secondhand frequency.

While you can get most anything at a yard sale, obviously some things are more common than others.  You are sort of at the mercy of the fates.  I’ve come to like that aspect of it.  It makes everything seem very serendipitous.  If you were looking for something specific in the retail world, you could look it up online or go to a specific store that is likely to carry your desired item.  However, with yard sales, you just sorta have to go from lawn to lawn and see what those people have to offer.  You have no idea if these people even have what you are looking for, much less whether they want to sell it.

Of course, some things are very common.  You may not see them at every sale, but you will probably see them every week.  If you are looking for a very common item, you likely will not have to wait very long to find it, and you can probably even be a little picky in terms of which one you want.  You want baby clothes?  I can get you baby clothes.  You want a baking sheet?  Well, that might take a couple of weeks, but it probably won’t take more than a month to find one.  However, some items are rare.  You might only see one once a year, if that.  And then every once in a while, you come across a once in a lifetime find.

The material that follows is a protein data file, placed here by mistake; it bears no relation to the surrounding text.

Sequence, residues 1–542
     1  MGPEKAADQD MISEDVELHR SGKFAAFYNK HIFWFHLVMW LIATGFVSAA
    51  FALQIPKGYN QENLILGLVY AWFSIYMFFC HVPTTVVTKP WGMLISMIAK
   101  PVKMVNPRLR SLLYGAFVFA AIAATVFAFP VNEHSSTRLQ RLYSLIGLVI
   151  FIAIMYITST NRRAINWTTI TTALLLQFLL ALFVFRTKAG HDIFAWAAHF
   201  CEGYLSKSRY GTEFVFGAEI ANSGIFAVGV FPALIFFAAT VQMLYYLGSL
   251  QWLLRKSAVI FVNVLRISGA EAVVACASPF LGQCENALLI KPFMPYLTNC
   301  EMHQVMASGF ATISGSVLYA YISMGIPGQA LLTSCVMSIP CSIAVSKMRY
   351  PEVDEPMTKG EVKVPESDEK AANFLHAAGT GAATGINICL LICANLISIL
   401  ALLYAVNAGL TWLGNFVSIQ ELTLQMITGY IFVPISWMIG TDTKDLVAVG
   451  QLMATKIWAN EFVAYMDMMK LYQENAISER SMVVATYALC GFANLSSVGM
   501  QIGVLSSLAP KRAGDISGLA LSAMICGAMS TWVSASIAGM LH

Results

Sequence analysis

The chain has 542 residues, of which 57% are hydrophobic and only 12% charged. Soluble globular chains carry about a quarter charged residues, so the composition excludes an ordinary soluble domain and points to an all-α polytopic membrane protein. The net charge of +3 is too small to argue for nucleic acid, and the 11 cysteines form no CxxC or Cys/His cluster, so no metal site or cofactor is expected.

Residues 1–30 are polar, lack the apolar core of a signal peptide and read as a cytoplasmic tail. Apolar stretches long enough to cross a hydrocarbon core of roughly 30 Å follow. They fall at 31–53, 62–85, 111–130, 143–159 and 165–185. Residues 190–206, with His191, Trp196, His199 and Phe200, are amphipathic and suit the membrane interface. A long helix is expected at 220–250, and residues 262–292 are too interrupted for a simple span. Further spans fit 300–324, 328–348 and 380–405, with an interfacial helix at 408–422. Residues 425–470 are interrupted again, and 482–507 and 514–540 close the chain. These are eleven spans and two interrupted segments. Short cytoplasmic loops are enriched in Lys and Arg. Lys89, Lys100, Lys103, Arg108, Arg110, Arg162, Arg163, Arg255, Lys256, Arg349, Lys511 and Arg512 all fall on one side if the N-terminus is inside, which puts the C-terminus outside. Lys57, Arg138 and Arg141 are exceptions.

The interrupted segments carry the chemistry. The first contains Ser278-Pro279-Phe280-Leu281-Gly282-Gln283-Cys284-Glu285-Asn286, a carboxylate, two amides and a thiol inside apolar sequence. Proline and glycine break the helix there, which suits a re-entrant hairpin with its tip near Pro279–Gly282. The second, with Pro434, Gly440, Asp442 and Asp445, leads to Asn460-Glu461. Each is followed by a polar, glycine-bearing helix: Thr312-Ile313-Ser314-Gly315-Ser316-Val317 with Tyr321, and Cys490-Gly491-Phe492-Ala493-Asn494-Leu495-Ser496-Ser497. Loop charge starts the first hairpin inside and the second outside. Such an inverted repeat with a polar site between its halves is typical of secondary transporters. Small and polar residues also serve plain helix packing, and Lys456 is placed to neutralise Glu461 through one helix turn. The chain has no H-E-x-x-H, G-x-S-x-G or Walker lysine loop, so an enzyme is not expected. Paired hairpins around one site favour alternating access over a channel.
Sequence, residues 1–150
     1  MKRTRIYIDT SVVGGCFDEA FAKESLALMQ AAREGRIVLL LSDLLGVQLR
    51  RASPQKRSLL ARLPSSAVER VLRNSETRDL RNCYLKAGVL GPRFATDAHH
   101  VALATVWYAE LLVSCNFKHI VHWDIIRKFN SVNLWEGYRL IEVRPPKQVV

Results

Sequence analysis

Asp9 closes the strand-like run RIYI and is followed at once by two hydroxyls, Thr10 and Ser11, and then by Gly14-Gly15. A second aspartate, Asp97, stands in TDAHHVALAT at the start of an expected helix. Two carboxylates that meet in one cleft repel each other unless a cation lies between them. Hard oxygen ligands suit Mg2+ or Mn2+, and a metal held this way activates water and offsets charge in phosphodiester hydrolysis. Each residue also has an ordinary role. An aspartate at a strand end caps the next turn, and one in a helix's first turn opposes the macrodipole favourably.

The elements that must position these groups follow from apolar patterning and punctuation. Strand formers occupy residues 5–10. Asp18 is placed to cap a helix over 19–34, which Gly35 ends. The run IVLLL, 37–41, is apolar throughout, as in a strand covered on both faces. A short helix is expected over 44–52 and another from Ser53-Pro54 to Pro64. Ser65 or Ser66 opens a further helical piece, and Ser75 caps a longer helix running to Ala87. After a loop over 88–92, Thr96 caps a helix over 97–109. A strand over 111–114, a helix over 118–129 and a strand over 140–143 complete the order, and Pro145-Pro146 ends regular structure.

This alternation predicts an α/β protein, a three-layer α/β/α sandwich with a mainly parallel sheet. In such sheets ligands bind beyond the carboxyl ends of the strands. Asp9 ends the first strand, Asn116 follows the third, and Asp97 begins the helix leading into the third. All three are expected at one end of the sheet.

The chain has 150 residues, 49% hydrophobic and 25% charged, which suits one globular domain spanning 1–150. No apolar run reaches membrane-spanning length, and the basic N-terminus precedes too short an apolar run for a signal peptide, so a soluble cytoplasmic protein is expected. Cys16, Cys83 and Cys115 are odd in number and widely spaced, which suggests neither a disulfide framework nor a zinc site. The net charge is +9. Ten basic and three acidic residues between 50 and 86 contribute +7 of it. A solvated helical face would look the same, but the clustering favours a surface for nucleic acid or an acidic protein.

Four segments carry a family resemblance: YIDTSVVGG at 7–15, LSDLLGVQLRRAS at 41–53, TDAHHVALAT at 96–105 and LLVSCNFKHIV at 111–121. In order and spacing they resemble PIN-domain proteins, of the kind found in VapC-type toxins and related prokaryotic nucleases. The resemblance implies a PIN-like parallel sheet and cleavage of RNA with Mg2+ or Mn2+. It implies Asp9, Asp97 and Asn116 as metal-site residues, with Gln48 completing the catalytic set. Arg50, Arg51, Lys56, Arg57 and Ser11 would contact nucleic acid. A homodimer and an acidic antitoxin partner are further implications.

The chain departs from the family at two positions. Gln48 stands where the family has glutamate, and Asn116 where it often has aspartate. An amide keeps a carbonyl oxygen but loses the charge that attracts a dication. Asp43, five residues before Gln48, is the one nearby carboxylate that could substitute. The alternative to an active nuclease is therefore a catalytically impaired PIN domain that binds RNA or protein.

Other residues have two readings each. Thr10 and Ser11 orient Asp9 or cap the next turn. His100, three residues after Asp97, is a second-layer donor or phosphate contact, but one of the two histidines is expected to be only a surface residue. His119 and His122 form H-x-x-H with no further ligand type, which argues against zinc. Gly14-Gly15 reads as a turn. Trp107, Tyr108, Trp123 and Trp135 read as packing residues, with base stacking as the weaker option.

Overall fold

Josh and I have been trying to think of a scale that we could use to describe the commonness of yard sale items, kind of a measure of secondhand frequency.  I mean, we could just use a 1 to 10 scale, but it would be more interesting if we could have items on either end of the scale that would epitomize something really common and something really rare.  We decided on “Christmas tins” as the representative item item on the very common end of the scale.  We see a lot of those, probably because everyone buys them and gives them away.  They’re not quite disposable enough to just chuck in the trash, so they accumulate in your basement until you get sick of them and have a yard sale.

Then we struggled to think of our unusual item.  After all, we wanted something we had seen in our yard sale exploits, otherwise the scale would lack veracity.  It became a matter of figuring out the most unusual thing we’d ever seen.IMG_20101121_201454And then yesterday, we saw it.  And then we bought it.  Because when we see the thing that is representative of all the amazingly unusual things that can be found at yard sales, we feel the need to bring it home.  I guess that’s just the kind of people we are.

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